Anyone eligible for a spring booster will still be able to come forward beyond the end of this month, where they will have a discussion with a healthcare professional around the timing of a possible autumn dose, likely to be three months from their last, in order to decide what is best for that individual. The NHS will also continue to offer the vaccine at local sites to those who are newly immunosuppressed.
Gemma Peters, Chief Executive of Blood Cancer UK, said: “It’s good to see NHS vaccine team efforts to ensure people get the vaccine doses they are entitled to. Immunocompromised people are at higher risk from COVID, and the single simplest way of increasing their protection level is to make sure they’ve had the vaccine doses they are due.
“If you’re immunocompromised, have had fewer than five doses and haven’t had one in the last three months, you should be getting another one right now, unless your doctor has told you not to.
“We know that lots of immunocompromised people have not yet had all the right number of vaccine doses, and so don’t yet have the level of protection they should, and that this is particularly evident in the Bangladeshi, Pakistani, Black African and Black Caribbean communities.
“I urge every immunocompromised person who is due another dose to book it today. With the COVID rate high at the moment and immunocompromised people continuing to die of it, it could be a decision that literally saves your life.”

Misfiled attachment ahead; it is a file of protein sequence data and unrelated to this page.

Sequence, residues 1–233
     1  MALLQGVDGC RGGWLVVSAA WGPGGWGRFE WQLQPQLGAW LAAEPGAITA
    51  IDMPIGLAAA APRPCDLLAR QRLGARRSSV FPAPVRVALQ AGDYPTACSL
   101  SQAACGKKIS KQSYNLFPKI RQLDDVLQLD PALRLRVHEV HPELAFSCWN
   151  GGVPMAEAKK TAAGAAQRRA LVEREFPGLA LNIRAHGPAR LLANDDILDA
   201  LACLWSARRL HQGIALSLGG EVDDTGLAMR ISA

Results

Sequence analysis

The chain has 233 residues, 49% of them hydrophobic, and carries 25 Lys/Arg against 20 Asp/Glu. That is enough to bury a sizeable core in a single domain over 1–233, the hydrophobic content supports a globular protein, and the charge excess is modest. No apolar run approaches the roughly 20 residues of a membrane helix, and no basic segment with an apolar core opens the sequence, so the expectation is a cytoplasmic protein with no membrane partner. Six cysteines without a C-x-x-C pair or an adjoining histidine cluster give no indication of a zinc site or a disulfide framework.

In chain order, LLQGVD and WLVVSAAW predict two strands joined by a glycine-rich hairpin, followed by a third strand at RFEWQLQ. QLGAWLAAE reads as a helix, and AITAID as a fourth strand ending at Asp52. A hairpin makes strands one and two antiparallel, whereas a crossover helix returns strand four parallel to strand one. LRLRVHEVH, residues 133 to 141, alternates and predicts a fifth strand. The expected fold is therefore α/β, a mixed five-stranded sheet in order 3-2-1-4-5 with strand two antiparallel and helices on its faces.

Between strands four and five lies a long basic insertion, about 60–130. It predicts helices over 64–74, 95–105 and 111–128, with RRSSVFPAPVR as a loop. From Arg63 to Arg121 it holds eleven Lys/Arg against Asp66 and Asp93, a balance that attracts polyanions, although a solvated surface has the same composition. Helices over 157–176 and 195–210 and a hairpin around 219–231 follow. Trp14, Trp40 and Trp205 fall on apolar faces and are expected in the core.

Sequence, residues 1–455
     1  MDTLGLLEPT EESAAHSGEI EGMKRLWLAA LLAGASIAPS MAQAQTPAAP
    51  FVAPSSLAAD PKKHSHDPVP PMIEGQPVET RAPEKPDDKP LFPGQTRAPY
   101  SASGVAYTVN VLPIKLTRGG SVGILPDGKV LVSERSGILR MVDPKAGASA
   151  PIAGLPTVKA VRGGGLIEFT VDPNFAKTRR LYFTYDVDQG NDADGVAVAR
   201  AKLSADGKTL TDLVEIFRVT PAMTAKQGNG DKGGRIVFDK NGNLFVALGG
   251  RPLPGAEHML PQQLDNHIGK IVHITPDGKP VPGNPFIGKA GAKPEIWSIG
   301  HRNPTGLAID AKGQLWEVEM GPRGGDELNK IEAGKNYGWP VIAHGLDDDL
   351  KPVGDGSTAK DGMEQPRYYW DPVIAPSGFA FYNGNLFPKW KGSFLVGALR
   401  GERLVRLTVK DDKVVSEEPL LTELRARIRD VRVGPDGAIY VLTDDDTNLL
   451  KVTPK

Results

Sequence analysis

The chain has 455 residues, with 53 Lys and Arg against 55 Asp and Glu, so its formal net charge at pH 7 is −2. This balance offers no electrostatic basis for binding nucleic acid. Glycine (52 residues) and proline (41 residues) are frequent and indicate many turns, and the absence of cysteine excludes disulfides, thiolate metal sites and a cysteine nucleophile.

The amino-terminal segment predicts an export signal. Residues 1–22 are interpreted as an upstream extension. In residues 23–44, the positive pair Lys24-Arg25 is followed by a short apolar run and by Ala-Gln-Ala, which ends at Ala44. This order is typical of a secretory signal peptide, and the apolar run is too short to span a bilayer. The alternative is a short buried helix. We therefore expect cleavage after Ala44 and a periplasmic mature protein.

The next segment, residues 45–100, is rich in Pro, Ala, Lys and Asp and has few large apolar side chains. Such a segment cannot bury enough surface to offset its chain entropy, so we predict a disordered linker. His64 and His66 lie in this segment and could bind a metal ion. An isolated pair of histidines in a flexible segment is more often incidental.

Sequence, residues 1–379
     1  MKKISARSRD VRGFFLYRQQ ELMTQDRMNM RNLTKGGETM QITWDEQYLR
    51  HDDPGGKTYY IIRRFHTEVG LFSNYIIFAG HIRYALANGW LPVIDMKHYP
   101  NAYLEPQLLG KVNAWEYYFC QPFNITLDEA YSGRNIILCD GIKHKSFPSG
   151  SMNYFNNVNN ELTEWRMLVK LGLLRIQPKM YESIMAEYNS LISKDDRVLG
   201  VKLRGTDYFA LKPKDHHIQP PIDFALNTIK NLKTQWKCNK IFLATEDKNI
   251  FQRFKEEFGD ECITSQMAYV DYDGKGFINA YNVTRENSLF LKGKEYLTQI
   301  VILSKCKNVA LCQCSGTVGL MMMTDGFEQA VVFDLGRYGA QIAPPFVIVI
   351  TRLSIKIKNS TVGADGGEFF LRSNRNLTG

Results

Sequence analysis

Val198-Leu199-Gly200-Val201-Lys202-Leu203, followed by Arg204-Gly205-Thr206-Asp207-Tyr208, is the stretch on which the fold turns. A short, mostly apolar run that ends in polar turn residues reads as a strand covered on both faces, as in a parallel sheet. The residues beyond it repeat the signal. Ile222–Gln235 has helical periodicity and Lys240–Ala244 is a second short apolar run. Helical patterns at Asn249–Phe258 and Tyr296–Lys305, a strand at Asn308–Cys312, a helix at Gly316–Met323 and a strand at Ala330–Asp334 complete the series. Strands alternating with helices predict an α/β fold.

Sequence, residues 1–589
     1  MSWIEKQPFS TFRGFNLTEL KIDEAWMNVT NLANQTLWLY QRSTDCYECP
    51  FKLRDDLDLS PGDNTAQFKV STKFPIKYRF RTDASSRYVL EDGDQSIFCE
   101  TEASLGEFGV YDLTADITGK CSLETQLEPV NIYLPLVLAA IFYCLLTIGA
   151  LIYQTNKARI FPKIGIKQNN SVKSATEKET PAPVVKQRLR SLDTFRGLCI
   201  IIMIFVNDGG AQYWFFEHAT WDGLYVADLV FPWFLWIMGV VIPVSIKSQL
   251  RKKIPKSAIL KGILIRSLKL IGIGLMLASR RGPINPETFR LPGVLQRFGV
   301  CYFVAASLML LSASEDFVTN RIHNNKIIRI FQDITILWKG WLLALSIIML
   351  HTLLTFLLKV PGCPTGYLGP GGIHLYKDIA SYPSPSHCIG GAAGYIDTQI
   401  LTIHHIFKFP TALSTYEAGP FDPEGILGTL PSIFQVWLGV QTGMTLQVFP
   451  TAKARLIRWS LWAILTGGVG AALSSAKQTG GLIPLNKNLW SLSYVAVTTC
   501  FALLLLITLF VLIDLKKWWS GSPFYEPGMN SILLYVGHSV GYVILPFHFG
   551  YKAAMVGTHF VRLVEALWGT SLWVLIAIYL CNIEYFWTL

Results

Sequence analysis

The NHS is beginning preparations for an autumn rollout but will wait for the green light from Government and the JCVI.
People aged 75 and over, older adult care home residents and those who are immunosuppressed have been able to get their spring booster since 21 March.
Spring booster jab appointments can be booked quickly and conveniently on the NHS website and people that can’t go online can book by phoning 119.
Since the NHS in England made history when Maggie Keenan received the world’s first approved vaccination in Coventry on 8 December 2020 more than 125 million lifesaving COVID jabs have been delivered preventing around 186,0000 hospitalisations and saving thousands of lives.
The 92-year old grandmother is one of the more than four in five eligible to have already received their spring booster, getting her full top-up on 22 April. She is one of the latest in a long line of those have had theirs so far, with 95-year old former engineer Devraj Jhalam among the first to get his jab on 21 March in Slough.
Tens of thousands of healthcare workers and volunteers have delivered jabs at thousands of sites including shopping centres, racecourses, theatres, theme parks, places of worship and even a curry house as well as hospitals, GP surgeries, care homes and at community pharmacies.
Research from the UK Health Security Agency showed that the NHS booster programme helped prevent around 186,000 hospitalisations between December and March.
Meanwhile, a report from the National Audit Office has said the NHS vaccination programme met “stretching and unprecedented targets” as it helped save lives and reduce hospital admissions – all while making effective use of public money.